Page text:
I rarely get angry…
but when I do, I usually have a pretty good reason. Like many of you, I just saw the letter written by an anonymous mother, given to a grandmother who cares for her grandson with autism on summer days. For the full letter, please check out this link
. In short, this woman berates the grandmother of this child with autism for his behavior, suggesting he be “euthanized” and his “non retarded body parts” be donated to science. She goes on to say that “no employer will hire him, no normal girl is going to marry/love him.” This young man, Max, is 13 years old. My son is 11.
This mad woman’s rant touches on probably all the fears a parent of a kid with autism faces – unemployment, loneliness, their own mortality and what happens to my child when I’m gone, social alienation, being the target of hate or violence.
Where to begin?
Autism is a spectrum disorder. This means that you can be affected a little bit, or a lot. It’s kind of like saying some guy is tall. It’s relative. People have misconceptions about what autism is. Most people either see kids rocking, flapping, and crying OR they picture Rain Man. Either or neither might be true, which is what makes autism so unique. There’s a saying in the autism community that says, “If you’ve met one kid with autism, you’ve met one kid with autism.” Just because you know my Jake well, doesn’t mean you have much to go on when working with Max, or anyone else, for that matter. I prefer people-first language. Jake has autism, he isn’t autism. I’d rather he be known for being a little boy first, and his developmental disability second (or even last, while we’re at it). The hardest part of having a child with autism is the reactions you get from others. Sometimes it’s pity, sometimes it’s outrage, but often times it’s the looks of disapproval. Autism is often a non-obvious disability. If Jake had a wheelchair or braces, or something you could see from across the supermarket, we’d probably get fewer looks that all say, “why can’t you keep better control of your poorly behaving child?”
Can you tell which of these kids has autism?
Sensory processing disorder
People with autism often have some level of sensory processing disorder. This means that their brains don’t react to stimulation from the environment like a neurotypical person’s brain does. For example, many people with autism have a dampened response to pain or cold than the average person. Loud noises are particularly disturbing for Jake. He has a hard time filtering out important information when there’s noise that he considers loud in the room. A better way to say it might be this: Let’s pretend we’re having a conversation over the fence in the back yard. I can feel the grass beneath my bare feet, hear the lawnmower in the distance, the laughter of the kids playing in the driveway, feel the dampness of the shirt that’s sticking to my sweaty back, hear the cicadas as they sing their summer song, and note the reflection of the sun on my car’s hood. All the while, I can pay attention to the words you’re speaking, the tone in which you speak them, and understand the non-verbal cues on your face. Jake can’t always get that job done. You or I do it without thinking, but these things overwhelm my son.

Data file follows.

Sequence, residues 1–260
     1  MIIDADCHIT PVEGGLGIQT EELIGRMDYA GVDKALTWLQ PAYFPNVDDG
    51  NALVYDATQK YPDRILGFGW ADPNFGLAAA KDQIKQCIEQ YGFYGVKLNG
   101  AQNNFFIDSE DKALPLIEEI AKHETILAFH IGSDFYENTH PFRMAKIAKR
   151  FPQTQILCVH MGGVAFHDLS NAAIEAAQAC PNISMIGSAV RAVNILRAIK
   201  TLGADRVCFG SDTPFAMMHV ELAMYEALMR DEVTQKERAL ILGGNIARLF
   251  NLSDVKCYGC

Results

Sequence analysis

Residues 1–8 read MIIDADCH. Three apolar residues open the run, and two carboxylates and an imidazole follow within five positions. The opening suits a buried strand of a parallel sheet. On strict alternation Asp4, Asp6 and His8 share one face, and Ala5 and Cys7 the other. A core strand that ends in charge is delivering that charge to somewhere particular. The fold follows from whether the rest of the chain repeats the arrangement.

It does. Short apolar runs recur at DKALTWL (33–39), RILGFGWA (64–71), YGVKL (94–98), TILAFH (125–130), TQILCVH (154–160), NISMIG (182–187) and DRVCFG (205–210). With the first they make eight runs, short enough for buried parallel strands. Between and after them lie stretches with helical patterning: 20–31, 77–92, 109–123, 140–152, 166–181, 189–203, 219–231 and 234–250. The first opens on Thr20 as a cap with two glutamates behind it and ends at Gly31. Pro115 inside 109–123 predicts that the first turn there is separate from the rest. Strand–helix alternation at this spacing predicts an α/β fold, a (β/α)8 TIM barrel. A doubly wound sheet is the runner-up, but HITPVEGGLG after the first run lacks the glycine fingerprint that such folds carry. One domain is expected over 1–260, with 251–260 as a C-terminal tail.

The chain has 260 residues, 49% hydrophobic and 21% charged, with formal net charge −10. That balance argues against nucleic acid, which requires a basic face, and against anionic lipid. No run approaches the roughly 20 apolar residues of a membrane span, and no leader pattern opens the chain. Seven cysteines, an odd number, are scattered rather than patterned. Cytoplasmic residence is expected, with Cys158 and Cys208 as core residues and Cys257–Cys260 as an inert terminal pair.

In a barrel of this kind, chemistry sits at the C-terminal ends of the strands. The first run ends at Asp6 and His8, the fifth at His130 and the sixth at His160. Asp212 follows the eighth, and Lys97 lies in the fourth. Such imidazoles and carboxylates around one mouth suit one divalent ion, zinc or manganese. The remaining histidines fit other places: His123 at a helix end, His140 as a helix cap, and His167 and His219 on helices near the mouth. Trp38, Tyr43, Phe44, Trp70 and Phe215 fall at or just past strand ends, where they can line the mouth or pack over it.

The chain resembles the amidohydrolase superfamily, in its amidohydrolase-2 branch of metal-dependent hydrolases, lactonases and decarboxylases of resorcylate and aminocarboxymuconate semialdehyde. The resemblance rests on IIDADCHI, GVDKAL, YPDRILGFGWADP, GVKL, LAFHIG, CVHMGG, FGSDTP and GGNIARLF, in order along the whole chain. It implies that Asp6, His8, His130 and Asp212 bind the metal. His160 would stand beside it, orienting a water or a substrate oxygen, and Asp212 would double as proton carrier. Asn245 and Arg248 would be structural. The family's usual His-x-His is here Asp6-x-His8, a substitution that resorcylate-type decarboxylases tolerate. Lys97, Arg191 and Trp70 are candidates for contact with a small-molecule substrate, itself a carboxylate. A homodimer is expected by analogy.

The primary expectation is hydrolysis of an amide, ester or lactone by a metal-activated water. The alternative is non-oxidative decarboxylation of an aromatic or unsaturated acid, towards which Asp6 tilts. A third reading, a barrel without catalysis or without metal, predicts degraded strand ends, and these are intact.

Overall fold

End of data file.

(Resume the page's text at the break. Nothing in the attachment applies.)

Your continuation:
Jake at Popham beach this past weekend. He really wanted to play in the waves, but they were too loud.
Can’t vs. Won’t
Most, if not all, behavior is a response to something. If you touch a hot stove, you pull your hand away. Imagine you’re at Wal-Mart on black Friday. Pretty chaotic, right? Adults with autism, who have also developed effective language, have reported that every day life can seem as chaotic as Christmas shopping in December. There have been people who couldn’t focus in class because they couldn’t get over the sound of their own heart beating in their chest. Fluorescent lights that flicker at 60 pulses/second can seem like strobe lights to someone who’s sensitive to them. Seams in clothing can put people on edge all day. Is it a wonder they may appear to be not listening, or misbehaving in class? I’m not going to pretend Jake’s an angel. He’s an eleven year old boy. Sure he has his bad days, but he’s also becoming aware of the social gap between him and his friends. Now that games are more complex than Tag, he’s falling behind even further. He doesn’t have the language or the comprehension to stand around in groups discussing what he did last weekend, as many of his peers do. He prefers to play video games, where he knows the rules and feels comfortable. I guess I bring this up to say that it’s not that he Won’t be a good boy and sit upright, earnestly paying attention in class for an hour, it’s that he often Can’t.
Jake and Beth in Freeport, doing some school shopping.
You know what else toasts my buns? The word ‘normal’. To say that the other kids in class are normal automatically implies that Jake is abnormal. He’s non-typical. Who amongst us is truly normal? Aren’t our differences what make life so awesome? Who gets to decide what normal is, anyway? I have two neurotypical, or typically developing children, and one with autism. Jake is also intellectually impaired, which is the new way of saying retarded. Doesn’t retarded have terrible connotations?